Updated 6:15 p.m. est
The Emir of Qatar says his oil state is ready to provide weapons to the Libyan rebels if they ask -- and they have.
"If they will ask for weapons we are goiing to provide them," Emir Hamad bin Khalifa al-Thani told CNN’s Wolf Blitzer today. "Of course they asked, but it will take some time, some training."
There are reports that Qatar, the first state to recognize the rebels' Transition National Council as a legitimate government, has already funneled French-made anti-tank weapons to the rebels. The emir did not deny those reports.
President Obama praised the Qatari leader for helping the rebels.
"We would not have been able I think to shape the kind of broad-based international coalition that includes not only our NATO members but also includes Arab states without the Emir’s leadership. He is motivated by a belief that the Libyan people should have the rights and freedoms of all people," Obama said after meeting with the emir at the White House.
"And as a consequence, Qatar is not only supportive diplomatically but is also supportive militarily, and we are very appreciative of the outstanding work of that the Qataris have done side by side with the other international," Obama added.
Meanwhile, Senate Democratic leader Harry Reid says he would like to use the frozen $33 billion of Moammar Gadhafi's money to pay for the air campaign and Naval blockade to cover the more than $600 million the U.S. has spent so far on Libya.
"Not only the United States should do this, NATO should do it. France should do it. The countries that are involved there on the ground and in the air - yes. The answer is yes," Reid said ion another interview with CNN (Wolf scored big guests on The Situation Room today).
The idea of Arab oil to pay for American warfare is not new: the Bush administration argued Iraqi crude would help finance the war there. Now, after spending $1 trillion to depose Saddam Hussein, that claim turned out to be just another one of the whoppers the Bushies used to sell that war to the American people.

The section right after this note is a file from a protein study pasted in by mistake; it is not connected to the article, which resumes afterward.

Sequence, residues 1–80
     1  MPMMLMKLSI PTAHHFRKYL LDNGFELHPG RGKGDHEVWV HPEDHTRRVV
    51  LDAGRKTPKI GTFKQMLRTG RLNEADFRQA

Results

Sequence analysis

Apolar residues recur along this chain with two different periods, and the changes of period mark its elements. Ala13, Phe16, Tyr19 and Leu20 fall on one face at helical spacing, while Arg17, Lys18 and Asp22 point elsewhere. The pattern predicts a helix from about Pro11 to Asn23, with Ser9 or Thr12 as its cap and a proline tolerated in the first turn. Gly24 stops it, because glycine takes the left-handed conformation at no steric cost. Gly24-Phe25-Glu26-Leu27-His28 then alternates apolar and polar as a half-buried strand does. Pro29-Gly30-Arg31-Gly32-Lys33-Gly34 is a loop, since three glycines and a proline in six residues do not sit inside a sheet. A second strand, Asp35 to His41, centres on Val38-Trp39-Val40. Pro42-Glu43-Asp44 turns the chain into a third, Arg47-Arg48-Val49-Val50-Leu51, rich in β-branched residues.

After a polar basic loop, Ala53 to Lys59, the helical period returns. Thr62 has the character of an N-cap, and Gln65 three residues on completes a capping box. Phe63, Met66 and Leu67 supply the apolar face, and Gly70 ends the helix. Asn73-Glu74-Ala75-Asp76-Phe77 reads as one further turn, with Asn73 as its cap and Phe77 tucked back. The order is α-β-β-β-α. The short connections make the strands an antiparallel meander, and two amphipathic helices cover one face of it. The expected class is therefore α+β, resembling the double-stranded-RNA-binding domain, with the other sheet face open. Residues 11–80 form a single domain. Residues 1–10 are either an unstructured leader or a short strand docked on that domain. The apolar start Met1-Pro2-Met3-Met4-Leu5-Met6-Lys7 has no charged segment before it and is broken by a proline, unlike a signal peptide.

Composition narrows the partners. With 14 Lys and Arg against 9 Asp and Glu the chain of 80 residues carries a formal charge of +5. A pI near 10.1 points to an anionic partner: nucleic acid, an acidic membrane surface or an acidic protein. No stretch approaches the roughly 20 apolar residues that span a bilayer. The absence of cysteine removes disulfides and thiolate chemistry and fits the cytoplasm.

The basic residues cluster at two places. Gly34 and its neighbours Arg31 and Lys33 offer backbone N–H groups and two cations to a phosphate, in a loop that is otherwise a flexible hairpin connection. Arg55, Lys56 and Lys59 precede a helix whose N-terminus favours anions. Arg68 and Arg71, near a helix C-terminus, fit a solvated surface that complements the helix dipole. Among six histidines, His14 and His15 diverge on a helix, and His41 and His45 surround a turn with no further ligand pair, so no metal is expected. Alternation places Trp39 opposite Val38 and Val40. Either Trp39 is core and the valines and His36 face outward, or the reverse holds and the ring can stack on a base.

"I for a long time advocated and its been lost in the shuffle that the wealth of Iraq, and it's a wealthy country, they should with their oil resources be paying us back for what we've done. Well, I've tried. They should," Reid said.
"What people don't realize is Iraq is still making a lot of money. And we should get part of it," Reid added.
It is a delicious idea, but deducting military costs from Gadhafi's frozen assets may be unseemly in the eyes of the world. Now, if the rebels want to give the U.S. and allies some gratuity for the military assistance once they get Gadhafi's ill-gotten booty, that may be a palatable alternative.
NATO Secretary General Anders Fogh Rasmussen asked the alliance's foreign ministers today in Berlin for "a few more" attack aircraft for the mission in Libya.
So far there are no offers to send more jets, including from the U.S., which has done more than the lion's share of work in attacking Moammar Gadhafi's forces and defenses.
"To avoid civilian casualties we need very sophisticated equipment so we need a few more precision fighter ground-attack aircraft for air-to-ground missions," Rassmussen said. "I am confident that nations will step up to the plate."